Bobby Miller is the only one from a group that included Emmet Sheehan, Gavin Stone and Ryan Pepiot who has his name penciled into the rotation for sure next year. The Dodgers have a lot of depth, with even more arms waiting in the wings in their farm system.

With that said, they don’t have any frontline depth and that is where Yamamoto comes into play.

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The Dodgers are a top Shohei Ohtani destination, as he likely remains their top priority this offseason. Come 2025, Ohtani could help the rotation too. Signing Yamamoto would help push them over the top for next season and could eventually give them a 1-2 punch atop their rotation for years to come.

San Francisco Giants

The Giants have shown over the last few offseasons that they have money to spend, but they have been unable to find the right target to do so. Enter Yoshinobu Yamamoto.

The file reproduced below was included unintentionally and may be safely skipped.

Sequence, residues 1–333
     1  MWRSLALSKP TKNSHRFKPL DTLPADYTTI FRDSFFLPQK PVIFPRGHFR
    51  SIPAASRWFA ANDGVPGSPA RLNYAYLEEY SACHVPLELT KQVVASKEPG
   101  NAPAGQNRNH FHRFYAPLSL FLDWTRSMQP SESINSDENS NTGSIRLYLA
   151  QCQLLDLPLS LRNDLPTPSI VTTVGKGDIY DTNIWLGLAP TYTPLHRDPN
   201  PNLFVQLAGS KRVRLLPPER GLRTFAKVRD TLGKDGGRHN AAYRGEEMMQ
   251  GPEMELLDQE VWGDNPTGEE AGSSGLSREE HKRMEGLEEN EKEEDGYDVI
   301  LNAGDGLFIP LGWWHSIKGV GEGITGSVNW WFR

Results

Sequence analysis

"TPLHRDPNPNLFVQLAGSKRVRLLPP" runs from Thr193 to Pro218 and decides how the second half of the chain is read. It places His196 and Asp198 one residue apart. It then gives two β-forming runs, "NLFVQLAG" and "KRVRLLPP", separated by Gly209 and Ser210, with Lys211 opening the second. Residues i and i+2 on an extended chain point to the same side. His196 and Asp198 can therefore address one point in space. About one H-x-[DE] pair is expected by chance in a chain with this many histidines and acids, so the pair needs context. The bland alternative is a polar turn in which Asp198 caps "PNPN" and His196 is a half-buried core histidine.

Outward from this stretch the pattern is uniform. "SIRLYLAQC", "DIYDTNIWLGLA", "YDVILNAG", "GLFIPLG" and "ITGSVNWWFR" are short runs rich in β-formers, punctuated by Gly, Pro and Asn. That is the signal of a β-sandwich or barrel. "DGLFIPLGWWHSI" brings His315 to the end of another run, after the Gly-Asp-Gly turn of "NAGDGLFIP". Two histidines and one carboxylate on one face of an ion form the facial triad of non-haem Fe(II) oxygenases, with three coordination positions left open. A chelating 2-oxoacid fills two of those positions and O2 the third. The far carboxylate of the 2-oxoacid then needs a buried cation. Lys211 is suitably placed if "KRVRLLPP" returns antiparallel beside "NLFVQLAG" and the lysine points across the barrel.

Giants head of baseball operations Farhan Zaidi has spoken very highly of Yamamoto and will likely submit an aggressive offer to get squarely in the mix.

While San Francisco is not necessarily a big market, they could sell Yamamoto on their past success with pitchers and how they would be the team that could best ease the transition to the big leagues for Yamamoto.

Other Teams to Watch

The Philadelphia Phillies could be in the mix if they let Aaron Nola walk in free agency and want to replace him with a younger arm. The Boston Red Sox can never be counted out in the international market and the Texas Rangers can sell themselves as reigning champs who may want yet another frontline arm to keep this train rolling through next season.

There really should be no shortage of teams that kick the tires on Yamamoto as he is just 25 years old, with the potential to be really great for the entire length of the seven-or-eight year deal he is about to command.